A lending agency is calling for repayment of more than $1.5 million in loan money or the sale of four properties in a foreclosure action targeting the $5.3 million Maranatha Family Center, which closed its doors in September.
In a summons filed Nov. 13, the New York Business Development Corp. is seeking to take possession of the 85,000-square-foot facility on Route 7, in addition to three other properties owned by Maranatha developer Stella McKenna.
The center, built in 2012 as an exercise facility and site for physical therapy and sporting events, closed in September after failing to pay its electric bill. The closure left several supporting economic development agencies unpaid, including the Schoharie County Industrial Development Agency, which provided $35,000, and the Mohawk Valley Economic Development District, which loaned $200,000 to the project, all on the belief the facility would create 40 jobs.
McKenna could not be reached for comment Tuesday. Her attorney, Roger Mallery, said efforts to rescue the site continue, but the foreclosure proceeding puts at risk all of McKenna’s personal property.
“She put her heart and soul and all her money into it. If it doesn’t fly, she’s going to lose everything,” Mallery said.
Town officials earlier this month met with a downstate entrepreneur interested in playing a role in saving the facility by investing and serving as an equity partner, but the plan did not materialize. Mallery said there are others taking a look, but no firm developments as of Tuesday.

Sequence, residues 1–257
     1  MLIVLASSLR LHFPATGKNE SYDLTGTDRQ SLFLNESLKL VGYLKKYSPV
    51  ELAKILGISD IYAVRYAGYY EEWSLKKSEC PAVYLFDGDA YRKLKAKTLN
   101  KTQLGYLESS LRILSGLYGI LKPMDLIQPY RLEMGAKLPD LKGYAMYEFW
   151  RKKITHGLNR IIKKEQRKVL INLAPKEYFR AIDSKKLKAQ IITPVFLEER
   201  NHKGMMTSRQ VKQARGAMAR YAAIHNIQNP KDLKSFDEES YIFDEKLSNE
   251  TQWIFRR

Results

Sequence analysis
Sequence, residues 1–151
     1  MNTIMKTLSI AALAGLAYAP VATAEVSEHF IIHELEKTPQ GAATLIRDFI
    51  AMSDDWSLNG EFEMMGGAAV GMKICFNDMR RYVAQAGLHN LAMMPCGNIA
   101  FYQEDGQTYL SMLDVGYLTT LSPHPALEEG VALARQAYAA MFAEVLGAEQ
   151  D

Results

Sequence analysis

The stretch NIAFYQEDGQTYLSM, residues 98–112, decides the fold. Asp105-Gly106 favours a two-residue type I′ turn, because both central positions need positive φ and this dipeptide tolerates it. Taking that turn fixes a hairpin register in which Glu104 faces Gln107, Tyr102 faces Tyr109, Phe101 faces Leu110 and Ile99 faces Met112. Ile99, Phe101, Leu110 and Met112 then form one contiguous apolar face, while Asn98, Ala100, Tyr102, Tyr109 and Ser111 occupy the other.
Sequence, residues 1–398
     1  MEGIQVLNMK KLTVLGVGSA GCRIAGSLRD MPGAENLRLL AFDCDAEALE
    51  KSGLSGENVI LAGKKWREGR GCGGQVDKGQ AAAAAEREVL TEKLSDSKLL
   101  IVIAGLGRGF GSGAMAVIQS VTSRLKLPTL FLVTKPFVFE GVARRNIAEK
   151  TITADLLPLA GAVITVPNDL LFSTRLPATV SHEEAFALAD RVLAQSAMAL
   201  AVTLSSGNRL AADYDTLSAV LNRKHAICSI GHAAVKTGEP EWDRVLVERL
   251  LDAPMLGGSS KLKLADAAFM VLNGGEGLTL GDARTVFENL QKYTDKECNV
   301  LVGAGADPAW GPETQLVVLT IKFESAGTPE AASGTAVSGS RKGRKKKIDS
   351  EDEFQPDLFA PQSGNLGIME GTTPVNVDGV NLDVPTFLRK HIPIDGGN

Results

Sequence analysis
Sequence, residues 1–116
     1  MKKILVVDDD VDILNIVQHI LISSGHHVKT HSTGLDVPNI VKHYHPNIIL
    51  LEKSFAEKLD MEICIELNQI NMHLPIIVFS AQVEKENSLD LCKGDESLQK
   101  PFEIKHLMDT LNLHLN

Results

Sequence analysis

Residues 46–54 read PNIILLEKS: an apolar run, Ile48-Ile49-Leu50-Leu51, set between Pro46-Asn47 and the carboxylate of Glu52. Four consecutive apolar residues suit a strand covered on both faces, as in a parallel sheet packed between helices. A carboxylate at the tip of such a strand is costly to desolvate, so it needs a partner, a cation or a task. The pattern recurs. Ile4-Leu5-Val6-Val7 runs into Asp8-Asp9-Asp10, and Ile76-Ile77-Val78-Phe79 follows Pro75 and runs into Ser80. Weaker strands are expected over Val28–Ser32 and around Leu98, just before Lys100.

“There is some other interest in it, and we’re trying to work something out. ... It is a very nice thing for the area,” he said.
He said selling the building or taking in a partner are still possible, since the foreclosure process takes months. “We have three or four irons in the fire now.”
The facility drew $2.3 million in support from Empire State Development, the state economic development arm, as well. The agency is not involved in the foreclosure proceeding, according to a spokesman.
The foreclosure filing names various lenders and agencies, including the town of Richmondville. Town Attorney Marvin Parshall Jr. said the town is named due to its role as municipal sponsor for the Maranatha project, and town assets are not being placed at risk due to the foreclosure.